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The fall of an African promised land

By John Ryle, The Financial Times

Jan 26, 2005 — In 1995, the Tigrayan People’s Liberation Movement celebrated its 20th anniversary in Mekelle, in northern Ethiopia, near the border with Eritrea. There were two guests of honour: Meles Zenawi, long-time leader of the TPLF, elected president of Ethiopia after the defeat of the Derg regime in 1992; and Isaias Afewerke, leader of the Eritrean People’s Liberation Front, president of the newly independent state of Eritrea, formerly an Ethiopian province. The two guerrilla movements had fought together to defeat the Derg, then – unprecedentedly – agreed to an amicable secession. In western diplomatic circles, Meles and Isaias were being touted as a new breed of African statesman. That evening on the outskirts of Mekelle, I watched as Meles, Isaias and other guests, serenaded by Mahmud Ahmed, a veteran Ethiopian pop star, danced together in the moonlight.

The scene is unlikely to be repeated on the TPLF’s 30th anniversary this year. Africa’s velvet divorce took only a few years to unravel. In 1998, the Eritrean army moved into a border area administered by Ethiopia. Ethiopia retaliated by bombing the Eritrean capital, Asmara, a jewel of Italian- inspired modernist architecture. The Eritrean air force bombed Mekelle. And Ethiopia reduced sections of the Red Sea port of Massawa to rubble. The conflict, as Michela Wrong explains, has been economically ruinous for both countries: Eritrea depends on Ethiopia for trade, while Ethiopia is landlocked without access to the Red Sea. A United Nations monitoring force has kept the peace since 2001 but the stand-off is not over. Meanwhile the political situation within Eritrea has worsened. Isaias Afewerke, the physically imposing, hard-drinking president and former guerrilla leader, has arrested dozens of his erstwhile comrades-in-arms and closed down the independent press. It seems that Eritrea, once an African Catalonia, a promised land for a generation of anti-colonial solidarity movements, is turning into a basket-case..

In I Didn’t Do It For You, Wrong takes us into the history of this remote, arduous region, where a succession of African and European powers have claimed sovereignty. “It’s hard to think of another African country,” she writes, “that was interfered with by foreign powers quite so thoroughly and so disastrously.” Eritrea is itself the creation of colonialism: the Italian invasion in 1886 gave it a single name, from the Latin for the Red Sea. Italy also transformed communications in its new colony with a railway from Massawa to Asmara, a marvel of engineering that ascends 7,000 feet. But Mussolini’s decision to invade Ethiopia in 1935 undid any good work by the Italians. Tens of thousands of Eritrean soldiers – forefathers of the EPLF guerrilla fighters – were cannon fodder in a campaign to link Eritrea with the Italian colony of Somalia, creating a new Roman empire in Africa. In 1942, British imperial forces destroyed the Duce’s vision with a giant pincer movement from Kenya and Sudan. The campaign culminated in a contest for the heights of Keren on the Eritrean plateau, as unrelenting a battle as Monte Cassino, described here with exemplary vividness.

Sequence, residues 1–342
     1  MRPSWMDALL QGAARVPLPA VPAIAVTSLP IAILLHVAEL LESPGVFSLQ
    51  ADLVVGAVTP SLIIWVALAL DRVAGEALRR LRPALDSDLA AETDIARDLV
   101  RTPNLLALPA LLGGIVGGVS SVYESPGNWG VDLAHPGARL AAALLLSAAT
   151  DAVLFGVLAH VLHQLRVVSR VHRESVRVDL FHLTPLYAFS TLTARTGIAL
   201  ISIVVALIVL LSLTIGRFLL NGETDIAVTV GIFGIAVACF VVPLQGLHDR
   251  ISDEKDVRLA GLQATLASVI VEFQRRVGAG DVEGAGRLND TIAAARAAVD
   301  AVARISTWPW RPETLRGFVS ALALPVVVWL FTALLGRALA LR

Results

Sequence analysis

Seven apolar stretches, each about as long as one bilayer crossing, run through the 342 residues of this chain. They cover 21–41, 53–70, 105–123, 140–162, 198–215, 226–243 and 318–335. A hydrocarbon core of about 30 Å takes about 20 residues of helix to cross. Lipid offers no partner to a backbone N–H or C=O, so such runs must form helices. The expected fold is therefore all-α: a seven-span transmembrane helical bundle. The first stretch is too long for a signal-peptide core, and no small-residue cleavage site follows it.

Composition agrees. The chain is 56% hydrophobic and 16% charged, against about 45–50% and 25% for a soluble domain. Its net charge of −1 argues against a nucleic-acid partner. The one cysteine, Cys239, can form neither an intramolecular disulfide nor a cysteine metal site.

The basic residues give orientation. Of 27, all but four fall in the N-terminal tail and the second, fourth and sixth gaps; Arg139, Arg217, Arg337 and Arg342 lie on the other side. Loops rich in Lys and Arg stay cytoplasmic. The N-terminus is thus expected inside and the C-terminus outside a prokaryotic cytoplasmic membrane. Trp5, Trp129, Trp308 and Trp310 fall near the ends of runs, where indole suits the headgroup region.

The British administration that followed misappropriated, by Wrong’s reckoning, a large part of Eritrea’s industrial capacity, shipping it off for the war effort elsewhere. Then, with Haile Selassie restored to the throne, the country was handed back to Ethiopia. The insurgency against his rule continued after the Derg deposed him in 1974. At this point, the Soviet Union entered, choking the region with Warsaw Pact weaponry. The war ended only with the collapse of the Soviet empire and the Derg’s defeat in 1992.

Wrong’s earlier book, In the Footsteps of Mr Kurtz,described the interplay of home-grown tyranny and western greed in the Congo. This book is likewise strong on the grotesque aspects of the foreign presence in the Horn of Africa. She also pays tribute to the heroic quality of the Eritrean resistance – the ascetism of EPLF cadres, with their afro hairdos and sandals, an image of struggle so beguiling to western visitors. She could have said more, perhaps, about the ethnic and religious composition of the Eritrean polity. The country is neither culturally nor linguistically uniform. It is dominated, like Ethiopia, by Christian highlanders, but half the population is Muslim. And Eritrea’s strategic position on the Red Sea means that, in the age of global terrorism, there is little chance of respite from outside interference. Ethiopia and Eritrea are both big clients for US humanitarian aid and military assistance. Even so, US diplomats have been unable to reconcile the two countries. This book should be on their reading list.

The writer chairs the Rift Valley Institute, a research organisation working in Eastern Africa

– How the World Betrayed A Small African nation
– By Michela Wrong Fourth Estate, £16.99

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